Another anniversary of the end of the Second World War in Europe came and went with the now usual disgruntlement bubbling between Russia and all the other participants. This year was notable for Russian parliamentarians introducing a bill into the Duma to ban any comparisons between the Soviet Union and Nazi Germany, denying the former’s “decisive role” in the defeat of the latter, and, more broadly, the historical “truth” of “the humanitarian mission of the U.S.S.R. in the liberation of European countries.” During the official commemorations in Moscow, Putin noted growing Russophobia and praised Russia’s war contribution in language perfectly in accordance with the spirit of the proposed law:
We shall always remember that this noble feat (defeat of the Nazis) was committed precisely by the Soviet people.
At the most difficult time of war, in decisive battles which determined the outcome of the battle against Fascism, our people was alone – alone in the laborious, heroic and sacrificial path towards victory.
“Alone” was Putin’s personal substitution for “united” in the original draft. Russia’s (or the Soviet) role in the ultimate victory has always been considered very significant if not decisive – now it is sole and exclusive. The fact that upwards of 27 million Soviet citizens perished in the Second World War is beyond dispute; it’s a testament to the brutality of the Nazi aggressors, committed as they were to the extermination of a large proportion of those conquered, as well as to the brutality of the Communist defenders, for whom human life was the cheapest of all commodities at their disposal. Putting aside a non-insignificant number of those who had died as a result of Stalin’s, as opposed to Hitler’s, decisions and actions, the focus on the ultimate sacrifice of some 8 million Red Army troops says as much about the often suicidal courage of individuals as it does about the criminal behaviour of their military and civilian superiors. That for much of the war, up to 10 Soviet soldiers were dying for every German one is not something that any decent and reasonable person should be proud of and celebrating; it’s an indictment of tactical and strategic stupidity, logistical backwardness, and psychopathic disdain for one’s own people. Considering the Soviet population was only twice as large as that of the Reich, Stalin was lucky he did not run out of men before Hitler run out of time.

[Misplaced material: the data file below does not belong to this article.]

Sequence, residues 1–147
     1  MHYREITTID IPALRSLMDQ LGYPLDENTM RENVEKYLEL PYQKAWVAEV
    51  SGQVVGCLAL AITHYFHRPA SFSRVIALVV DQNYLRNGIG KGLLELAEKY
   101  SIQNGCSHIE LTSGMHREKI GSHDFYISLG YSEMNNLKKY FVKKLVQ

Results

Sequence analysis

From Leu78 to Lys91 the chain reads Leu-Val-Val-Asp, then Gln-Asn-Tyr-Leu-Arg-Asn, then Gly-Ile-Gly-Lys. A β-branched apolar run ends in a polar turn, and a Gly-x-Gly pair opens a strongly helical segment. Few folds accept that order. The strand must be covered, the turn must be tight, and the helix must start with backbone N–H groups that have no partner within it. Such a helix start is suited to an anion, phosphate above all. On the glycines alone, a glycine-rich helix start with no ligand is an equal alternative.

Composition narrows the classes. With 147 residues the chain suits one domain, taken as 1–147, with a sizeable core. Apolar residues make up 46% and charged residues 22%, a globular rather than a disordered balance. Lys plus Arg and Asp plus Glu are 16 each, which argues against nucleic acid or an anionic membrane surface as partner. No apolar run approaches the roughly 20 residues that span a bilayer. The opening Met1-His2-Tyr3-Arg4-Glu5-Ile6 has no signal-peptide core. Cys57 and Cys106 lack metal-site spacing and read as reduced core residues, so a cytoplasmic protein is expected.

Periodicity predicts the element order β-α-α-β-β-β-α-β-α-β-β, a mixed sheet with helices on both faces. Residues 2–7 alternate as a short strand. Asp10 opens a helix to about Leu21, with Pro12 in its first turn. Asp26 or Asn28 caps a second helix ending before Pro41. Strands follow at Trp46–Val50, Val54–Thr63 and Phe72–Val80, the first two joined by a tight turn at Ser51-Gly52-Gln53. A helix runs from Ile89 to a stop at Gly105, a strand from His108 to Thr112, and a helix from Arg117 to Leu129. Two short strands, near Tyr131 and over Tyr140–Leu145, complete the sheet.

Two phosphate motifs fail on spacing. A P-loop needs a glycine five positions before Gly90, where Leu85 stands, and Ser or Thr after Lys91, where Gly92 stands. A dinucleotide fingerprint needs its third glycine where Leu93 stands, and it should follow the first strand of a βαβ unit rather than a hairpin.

For Putin, of course, the Second World War, or the Great Patriotic War, only starts in mid-1941, with Germany’s treacherous attack on the Soviet Union. Mind you, he would not use the word “treacherous” as that suggests a betrayal of an ally, which the Soviet Union was for nearly two years – a historical fact that Putin wants us all to forget, and his pliant parliamentarians want to ban. A victim in 1941, the Soviet Union was a co-aggressor in 1939, with Stalin carving up Central and Eastern Europe with Hitler. At a rather insignificant cost in blood as far as the Soviet standards were concerned (the Wehrmacht did most of the heavy lifting), Stalin gained the western parts of Belarus and Ukraine, a chunk of Romania, as well as the three Baltic states, Lithuania, Latvia and Estonia. The Soviet invasion of eastern Poland on 17 September 1939 did not affect the ultimate outcome – Poland’s defeat – but it shortened the campaign by weeks, by denying the Polish Army the opportunity of a fighting retreat towards the vast south-east of the country. It was Poland that could just as easily say it was alone “at the most difficult time of war”, since its allies Britain and France chose to provide all the support short of assistance as its two powerful neighbours steamrolled from the west, the south, the north – and eventually also the east. The Western inaction rather than the Soviet action is to blame for the course of war, but that is no reason to give Russia a free pass for Stalin’s dastardry.